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This is the first blog in a series to explain our system of Regenerative Ranching. I will start with an overview and then follow up with a discussion that explains certain aspects of our system in more detail. Our warning to readers is this:

Reading this blog will be like when the cows get out at midnight and the quad has a bad wire, so the lights flicker on and off sheding light intermently on a problem you understand all to well …. Hang on and don’t get bucked off!

My wife and I are both 4th-generation farmers/ranchers. I suspect that like every other human on this planet, our agricultural roots go back much further. But like most Western Canadians, our family history restarted when our great-grandparents emigrated from Europe to start anew on this previously untouched ground. We have birthed and raised the 5th generation on land 8 hrs straight east of our family homesteads in Alberta. Lured by the prospect of cheap land we began a lifelong process of converting this Saskatchewan farmland into a working ranch. The epicenter for this hurricane of hope is an old ghost that goes by the name West Bend.

The first lands were seeded with perennial grasses over 20 years ago and we have never looked back. In the beginning, we cut our teeth on a new concept called rotational grazing. Variations of this concept like “high-intensity grazing” or “multi-paddock adaptive grazing” have emerged throughout the years. Regardless of terminology, the basics have remained the same and we have successfully over doubled our stocking rates as a result. We are happy with the progress and successes we have achieved, but we are not satisfied.

We have farmed and ranched through the term sustainable and now for superior reasons we use the term regenerative. However, even with the resonance, the term regenerative has been found in uniting thousands of people worldwide the step-by-step-how-to-guide has remained elusive. This is where our lack of satisfaction is rooted. It has led us on a path to search for the root cause of problems, and implement objective methods and systems.

Aside from farming and ranching I have a background in mechanical engineering. This experience has taught me to search for the root cause of a problem, define the problem, and then create solutions that are repeatable.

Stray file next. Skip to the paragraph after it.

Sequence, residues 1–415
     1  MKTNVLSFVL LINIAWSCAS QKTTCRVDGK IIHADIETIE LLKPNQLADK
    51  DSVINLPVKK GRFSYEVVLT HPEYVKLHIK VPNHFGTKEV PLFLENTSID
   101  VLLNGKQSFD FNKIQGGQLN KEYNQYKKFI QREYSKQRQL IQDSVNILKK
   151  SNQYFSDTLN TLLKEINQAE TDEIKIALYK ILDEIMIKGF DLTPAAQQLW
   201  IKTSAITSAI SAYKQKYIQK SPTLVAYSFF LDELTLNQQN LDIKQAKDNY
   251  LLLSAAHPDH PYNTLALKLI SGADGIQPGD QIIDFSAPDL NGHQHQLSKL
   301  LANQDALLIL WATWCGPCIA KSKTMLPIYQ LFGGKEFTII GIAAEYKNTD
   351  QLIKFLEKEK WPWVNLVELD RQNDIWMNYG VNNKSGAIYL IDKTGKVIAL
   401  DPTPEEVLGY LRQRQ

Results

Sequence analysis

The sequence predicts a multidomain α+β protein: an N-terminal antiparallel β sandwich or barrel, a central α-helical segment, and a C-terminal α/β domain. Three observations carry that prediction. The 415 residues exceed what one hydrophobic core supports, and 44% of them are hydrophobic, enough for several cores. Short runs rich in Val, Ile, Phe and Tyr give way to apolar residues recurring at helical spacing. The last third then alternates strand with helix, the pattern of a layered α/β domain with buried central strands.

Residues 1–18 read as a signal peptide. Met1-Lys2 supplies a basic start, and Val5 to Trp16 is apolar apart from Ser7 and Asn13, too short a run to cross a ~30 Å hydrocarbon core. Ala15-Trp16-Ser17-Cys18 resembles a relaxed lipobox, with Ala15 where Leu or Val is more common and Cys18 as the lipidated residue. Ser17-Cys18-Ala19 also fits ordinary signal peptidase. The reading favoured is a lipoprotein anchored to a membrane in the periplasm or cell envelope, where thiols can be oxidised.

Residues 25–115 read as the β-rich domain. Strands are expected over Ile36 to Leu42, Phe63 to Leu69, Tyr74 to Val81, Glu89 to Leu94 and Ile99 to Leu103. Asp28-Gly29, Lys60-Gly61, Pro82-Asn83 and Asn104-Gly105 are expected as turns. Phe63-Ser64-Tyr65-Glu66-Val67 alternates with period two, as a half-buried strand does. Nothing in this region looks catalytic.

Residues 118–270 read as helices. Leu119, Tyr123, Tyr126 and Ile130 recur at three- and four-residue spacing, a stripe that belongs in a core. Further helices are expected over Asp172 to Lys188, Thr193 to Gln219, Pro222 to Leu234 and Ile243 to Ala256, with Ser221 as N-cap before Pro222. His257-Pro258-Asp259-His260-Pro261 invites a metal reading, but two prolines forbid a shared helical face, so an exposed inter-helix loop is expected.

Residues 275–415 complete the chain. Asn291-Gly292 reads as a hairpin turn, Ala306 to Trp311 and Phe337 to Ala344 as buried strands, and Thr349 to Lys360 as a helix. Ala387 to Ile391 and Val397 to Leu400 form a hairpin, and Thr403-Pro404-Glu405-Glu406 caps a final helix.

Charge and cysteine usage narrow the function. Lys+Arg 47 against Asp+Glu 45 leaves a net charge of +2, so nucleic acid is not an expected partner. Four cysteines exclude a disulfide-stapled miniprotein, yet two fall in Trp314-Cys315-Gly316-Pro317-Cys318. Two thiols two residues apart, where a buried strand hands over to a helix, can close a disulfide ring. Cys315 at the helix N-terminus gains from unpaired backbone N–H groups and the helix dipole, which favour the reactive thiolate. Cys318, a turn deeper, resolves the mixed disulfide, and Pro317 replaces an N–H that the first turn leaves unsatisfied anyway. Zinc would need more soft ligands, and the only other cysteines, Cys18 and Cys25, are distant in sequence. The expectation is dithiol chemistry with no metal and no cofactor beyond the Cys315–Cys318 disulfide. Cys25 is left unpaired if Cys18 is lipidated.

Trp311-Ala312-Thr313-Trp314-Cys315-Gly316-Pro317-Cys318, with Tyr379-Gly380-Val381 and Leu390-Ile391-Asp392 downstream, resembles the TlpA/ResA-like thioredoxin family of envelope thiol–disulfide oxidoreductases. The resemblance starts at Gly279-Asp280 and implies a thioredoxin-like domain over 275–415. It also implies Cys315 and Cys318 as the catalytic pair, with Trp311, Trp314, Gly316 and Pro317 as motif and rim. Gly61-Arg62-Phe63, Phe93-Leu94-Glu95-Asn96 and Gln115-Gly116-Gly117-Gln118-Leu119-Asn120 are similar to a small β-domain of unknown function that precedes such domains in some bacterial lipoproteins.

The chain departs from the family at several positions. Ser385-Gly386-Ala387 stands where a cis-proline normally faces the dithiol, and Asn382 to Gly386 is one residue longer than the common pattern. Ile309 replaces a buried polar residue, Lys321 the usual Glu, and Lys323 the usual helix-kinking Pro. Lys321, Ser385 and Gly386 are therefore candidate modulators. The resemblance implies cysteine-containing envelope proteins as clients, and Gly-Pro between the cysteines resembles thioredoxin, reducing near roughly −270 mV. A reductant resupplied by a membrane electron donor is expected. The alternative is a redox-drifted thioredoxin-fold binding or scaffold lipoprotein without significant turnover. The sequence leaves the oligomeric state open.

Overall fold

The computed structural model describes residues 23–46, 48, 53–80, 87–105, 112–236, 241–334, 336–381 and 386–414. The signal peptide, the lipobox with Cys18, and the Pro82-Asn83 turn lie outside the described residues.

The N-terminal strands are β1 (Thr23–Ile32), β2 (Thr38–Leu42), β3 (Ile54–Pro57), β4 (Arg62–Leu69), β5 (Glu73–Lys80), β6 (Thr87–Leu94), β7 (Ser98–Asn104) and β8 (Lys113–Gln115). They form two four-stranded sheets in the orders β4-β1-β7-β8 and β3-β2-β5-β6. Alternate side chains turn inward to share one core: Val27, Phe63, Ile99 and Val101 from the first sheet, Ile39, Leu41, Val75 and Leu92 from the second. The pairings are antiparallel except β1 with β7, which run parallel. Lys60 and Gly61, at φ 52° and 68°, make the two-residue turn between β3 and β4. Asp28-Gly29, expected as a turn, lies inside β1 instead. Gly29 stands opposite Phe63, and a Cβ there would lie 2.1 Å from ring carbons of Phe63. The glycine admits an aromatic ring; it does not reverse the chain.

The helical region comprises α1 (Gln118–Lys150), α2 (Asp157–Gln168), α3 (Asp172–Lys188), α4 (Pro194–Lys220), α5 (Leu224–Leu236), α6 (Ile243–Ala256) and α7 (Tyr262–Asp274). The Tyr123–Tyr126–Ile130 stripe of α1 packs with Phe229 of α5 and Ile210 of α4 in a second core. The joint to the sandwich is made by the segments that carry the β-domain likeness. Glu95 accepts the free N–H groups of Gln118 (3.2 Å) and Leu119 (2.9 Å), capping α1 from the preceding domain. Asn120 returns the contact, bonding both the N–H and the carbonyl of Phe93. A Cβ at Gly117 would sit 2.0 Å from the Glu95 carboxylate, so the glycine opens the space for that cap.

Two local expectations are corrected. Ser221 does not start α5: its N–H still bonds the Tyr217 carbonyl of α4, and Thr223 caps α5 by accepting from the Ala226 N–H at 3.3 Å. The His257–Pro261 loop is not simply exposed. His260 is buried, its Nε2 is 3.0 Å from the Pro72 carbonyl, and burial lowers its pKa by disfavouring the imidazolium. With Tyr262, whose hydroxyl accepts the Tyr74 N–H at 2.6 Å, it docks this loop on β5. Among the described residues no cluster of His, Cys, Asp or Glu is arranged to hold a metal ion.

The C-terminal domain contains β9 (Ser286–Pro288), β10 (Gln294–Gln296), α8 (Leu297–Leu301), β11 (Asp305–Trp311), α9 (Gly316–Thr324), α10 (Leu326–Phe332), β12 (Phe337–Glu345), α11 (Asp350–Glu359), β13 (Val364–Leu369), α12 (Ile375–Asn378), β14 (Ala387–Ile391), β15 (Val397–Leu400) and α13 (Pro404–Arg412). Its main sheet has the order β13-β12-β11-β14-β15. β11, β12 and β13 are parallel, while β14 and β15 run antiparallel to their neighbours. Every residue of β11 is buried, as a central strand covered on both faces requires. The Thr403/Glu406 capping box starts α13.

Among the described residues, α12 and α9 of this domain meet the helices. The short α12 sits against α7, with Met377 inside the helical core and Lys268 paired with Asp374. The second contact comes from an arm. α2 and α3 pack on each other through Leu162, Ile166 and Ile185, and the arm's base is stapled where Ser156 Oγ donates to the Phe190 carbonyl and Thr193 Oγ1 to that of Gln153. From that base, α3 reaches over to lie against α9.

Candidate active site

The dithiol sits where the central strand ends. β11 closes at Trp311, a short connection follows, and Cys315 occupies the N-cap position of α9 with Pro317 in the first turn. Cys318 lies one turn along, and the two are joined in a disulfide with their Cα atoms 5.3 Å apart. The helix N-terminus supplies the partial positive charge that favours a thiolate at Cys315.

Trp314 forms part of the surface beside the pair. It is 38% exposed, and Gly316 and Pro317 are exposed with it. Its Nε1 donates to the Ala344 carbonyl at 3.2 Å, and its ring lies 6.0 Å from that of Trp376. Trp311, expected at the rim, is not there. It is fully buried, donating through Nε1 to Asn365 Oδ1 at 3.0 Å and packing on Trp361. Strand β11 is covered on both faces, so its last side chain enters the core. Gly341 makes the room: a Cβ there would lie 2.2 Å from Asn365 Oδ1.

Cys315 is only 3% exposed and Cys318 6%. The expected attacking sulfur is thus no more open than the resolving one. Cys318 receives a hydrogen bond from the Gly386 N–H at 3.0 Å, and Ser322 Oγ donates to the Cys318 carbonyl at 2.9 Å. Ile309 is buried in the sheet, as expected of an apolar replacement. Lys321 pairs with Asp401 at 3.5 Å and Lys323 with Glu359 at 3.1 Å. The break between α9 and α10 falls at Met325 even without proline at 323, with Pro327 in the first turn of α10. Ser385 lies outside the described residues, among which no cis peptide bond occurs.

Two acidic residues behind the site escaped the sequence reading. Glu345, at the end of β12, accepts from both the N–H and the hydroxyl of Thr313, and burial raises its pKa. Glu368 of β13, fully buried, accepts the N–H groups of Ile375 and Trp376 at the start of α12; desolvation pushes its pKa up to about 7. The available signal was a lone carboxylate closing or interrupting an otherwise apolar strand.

A favorite place to find the root causes of problems is in the assumptions we make. Assumptions like “Regenerative ag can never feed the world” or “We need chemical fertilizer to achieve high rates of production”. These assumptions stem from the deeper assumption of “Resources are limited”. But what are the true resources in a regenerative system?

Carbon, oxygen, hydrogen, and nitrogen are the building blocks of life and makeup 97% to 99% of all living matter. We can account for the vast majority of these elements in the natural systems of Photosynthesis, Carbon cycle, Nitrogen cycle, and the water cycle. Early school lessons taught us that these cyclical systems recycled C, O, H, and N in our environment naturally and we are part of these cycles.

We have never lacked in any one of these elemental resources and never will. What we lack is the ability to manage and work within the natural systems. It is true that combinations of these elements are concentrated into excessive amounts of certain forms, like CO2 and methane. But with the proper management, these excesses become opportunities with huge potential.

It is often said that a person cannot manage things he or she cannot measure. In subsequent articles, I will explain how we measure these elemental resources and then create management systems from them. In a nutshell, I will explain how we use a lab to measure C, O, H, and N. How we use those measurements to create things like balanced livestock rations. I will also explain how we extend these measurements to balance the interaction between animals and the land. In the process, I will show how balancing this interaction optimizes our use of these resources and opens the door to near unlimited production possibilities.

From the outside, we are a family ranch that doesn’t look much different than other ranches. But internally we have been struggling to find the step-by-step-how-to-guide of regenerative ag. Unfortunately, we have not found it, but we may have uncovered some paragraphs in certain chapters. We will share what we have and let you be the judge of its worth.

Thanks for hanging on, but the ride isn’t over quite yet. The cows are still out.

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